What life there is in the painting is relegated to its margins. On the right one can see the edge of a small landscape. In fact, it is one of Gillespie’s earlier Italian paintings. On the left, resting on a shelf, is a picture of a young, naked boy, perhaps the image of lost innocence with which the adult Gillespie is trying to reconnect. And on the windowsill, bathed in white light, is a single brown pear, full, round, and perfectly balanced, both fecund and pristine.

The images have been rendered in almost microscopic detail. The individual hairs on Gillespie’s bare arms and legs, a reddish pimple on his calf, faint blue veins on his ankle have been faithfully represented as if the artist wished to push to its utmost the ability of the painted surface to stand for reality. And yet despite Gillespie’s obvious skill, it never seems that he is simply showing off.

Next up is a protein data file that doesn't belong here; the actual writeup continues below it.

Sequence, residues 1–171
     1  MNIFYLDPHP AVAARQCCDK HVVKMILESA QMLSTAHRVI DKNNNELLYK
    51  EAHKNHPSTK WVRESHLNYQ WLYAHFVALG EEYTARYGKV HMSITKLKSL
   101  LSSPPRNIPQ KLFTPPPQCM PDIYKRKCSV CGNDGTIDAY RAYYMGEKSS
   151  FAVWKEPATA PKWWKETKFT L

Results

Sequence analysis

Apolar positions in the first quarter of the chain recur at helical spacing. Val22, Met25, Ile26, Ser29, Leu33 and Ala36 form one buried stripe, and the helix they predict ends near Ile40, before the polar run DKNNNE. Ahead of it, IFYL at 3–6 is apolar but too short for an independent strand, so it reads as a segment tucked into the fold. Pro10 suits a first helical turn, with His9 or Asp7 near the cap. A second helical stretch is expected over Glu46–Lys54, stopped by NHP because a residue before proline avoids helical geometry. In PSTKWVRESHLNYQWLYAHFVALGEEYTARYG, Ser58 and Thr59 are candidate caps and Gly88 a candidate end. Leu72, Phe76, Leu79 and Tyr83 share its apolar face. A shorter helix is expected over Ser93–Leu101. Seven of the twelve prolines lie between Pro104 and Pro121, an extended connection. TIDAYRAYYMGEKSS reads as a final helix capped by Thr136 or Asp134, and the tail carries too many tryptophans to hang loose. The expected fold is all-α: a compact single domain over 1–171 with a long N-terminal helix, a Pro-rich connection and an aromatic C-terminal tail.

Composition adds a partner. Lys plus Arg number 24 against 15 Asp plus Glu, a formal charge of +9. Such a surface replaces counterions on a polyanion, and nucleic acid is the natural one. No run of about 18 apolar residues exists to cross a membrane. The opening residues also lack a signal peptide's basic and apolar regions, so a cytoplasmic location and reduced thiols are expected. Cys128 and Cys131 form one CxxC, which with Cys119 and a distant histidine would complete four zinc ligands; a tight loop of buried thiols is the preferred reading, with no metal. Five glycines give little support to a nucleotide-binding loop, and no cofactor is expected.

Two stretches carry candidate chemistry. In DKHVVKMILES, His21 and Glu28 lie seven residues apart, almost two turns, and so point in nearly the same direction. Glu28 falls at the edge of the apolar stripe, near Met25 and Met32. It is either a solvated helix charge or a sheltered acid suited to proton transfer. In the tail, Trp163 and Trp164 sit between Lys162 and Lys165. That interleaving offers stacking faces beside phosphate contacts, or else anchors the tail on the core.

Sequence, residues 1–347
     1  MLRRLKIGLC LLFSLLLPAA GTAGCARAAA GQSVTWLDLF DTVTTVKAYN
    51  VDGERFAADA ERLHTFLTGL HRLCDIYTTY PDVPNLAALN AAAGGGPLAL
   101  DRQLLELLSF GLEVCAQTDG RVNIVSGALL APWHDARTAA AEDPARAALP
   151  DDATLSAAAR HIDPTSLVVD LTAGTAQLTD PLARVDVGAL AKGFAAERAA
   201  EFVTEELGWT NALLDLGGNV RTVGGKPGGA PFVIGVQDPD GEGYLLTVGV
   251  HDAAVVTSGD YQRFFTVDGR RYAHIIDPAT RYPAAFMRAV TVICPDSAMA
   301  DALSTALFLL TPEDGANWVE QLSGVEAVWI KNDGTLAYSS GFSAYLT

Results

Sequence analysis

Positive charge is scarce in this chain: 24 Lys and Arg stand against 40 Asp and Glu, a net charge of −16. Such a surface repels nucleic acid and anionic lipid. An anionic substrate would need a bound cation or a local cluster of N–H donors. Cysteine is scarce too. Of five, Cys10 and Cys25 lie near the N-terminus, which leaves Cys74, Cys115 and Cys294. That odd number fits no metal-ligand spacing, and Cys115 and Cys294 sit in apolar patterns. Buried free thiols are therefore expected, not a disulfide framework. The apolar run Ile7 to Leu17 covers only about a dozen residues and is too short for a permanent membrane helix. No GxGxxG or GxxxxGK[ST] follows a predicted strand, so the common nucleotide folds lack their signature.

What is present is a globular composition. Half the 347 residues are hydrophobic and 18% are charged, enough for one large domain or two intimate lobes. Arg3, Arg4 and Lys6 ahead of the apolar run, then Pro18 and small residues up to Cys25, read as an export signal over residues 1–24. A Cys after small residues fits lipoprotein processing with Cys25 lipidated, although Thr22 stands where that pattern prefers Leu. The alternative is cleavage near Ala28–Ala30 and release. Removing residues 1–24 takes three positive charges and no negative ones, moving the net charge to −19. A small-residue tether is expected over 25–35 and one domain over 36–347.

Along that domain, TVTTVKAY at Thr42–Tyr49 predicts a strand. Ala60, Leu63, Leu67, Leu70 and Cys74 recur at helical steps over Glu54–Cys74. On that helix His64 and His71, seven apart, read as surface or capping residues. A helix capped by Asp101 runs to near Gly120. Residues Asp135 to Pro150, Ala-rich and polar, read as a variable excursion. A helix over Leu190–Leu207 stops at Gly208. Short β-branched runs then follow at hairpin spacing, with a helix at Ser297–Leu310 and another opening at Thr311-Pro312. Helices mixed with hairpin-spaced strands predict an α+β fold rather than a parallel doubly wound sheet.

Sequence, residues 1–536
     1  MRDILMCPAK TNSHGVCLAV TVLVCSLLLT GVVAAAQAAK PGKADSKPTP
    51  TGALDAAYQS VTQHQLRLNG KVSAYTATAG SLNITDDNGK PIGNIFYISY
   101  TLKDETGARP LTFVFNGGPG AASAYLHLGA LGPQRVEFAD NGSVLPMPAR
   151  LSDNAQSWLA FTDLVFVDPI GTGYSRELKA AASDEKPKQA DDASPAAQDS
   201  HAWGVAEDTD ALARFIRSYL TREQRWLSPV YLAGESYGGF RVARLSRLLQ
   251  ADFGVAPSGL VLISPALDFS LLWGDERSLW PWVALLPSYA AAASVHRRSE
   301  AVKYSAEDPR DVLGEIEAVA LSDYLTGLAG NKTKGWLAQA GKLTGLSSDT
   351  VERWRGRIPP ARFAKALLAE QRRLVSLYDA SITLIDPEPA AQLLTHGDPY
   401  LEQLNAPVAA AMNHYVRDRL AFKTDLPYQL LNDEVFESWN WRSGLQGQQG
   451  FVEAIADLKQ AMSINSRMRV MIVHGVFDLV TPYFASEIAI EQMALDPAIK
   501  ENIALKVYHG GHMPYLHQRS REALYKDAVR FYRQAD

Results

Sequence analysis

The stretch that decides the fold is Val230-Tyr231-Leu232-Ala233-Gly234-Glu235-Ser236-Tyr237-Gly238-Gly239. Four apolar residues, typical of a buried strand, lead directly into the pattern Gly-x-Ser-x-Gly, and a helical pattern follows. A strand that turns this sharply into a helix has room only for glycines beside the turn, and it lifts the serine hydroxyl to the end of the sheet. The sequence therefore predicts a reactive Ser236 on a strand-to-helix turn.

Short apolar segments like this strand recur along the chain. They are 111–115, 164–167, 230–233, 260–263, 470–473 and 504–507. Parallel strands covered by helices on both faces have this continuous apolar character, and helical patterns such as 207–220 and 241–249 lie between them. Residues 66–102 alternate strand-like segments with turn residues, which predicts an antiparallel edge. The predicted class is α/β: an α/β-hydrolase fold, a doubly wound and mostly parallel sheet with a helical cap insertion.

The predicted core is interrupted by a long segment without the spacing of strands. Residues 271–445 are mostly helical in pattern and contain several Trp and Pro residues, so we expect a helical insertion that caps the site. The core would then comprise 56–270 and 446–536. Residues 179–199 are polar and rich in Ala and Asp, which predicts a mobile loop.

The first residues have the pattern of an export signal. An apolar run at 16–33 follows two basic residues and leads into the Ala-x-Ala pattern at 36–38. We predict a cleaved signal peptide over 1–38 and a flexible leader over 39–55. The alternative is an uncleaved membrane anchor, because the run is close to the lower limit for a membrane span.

“His aim is always to use his gifts in the interest of the painting, not as a tour de force,” says Stebbins. “There are always emotional, psychological, and physical layers to his work. He struggled with these paintings, scraping and sanding them down, then painting them over again. Nothing came easily.”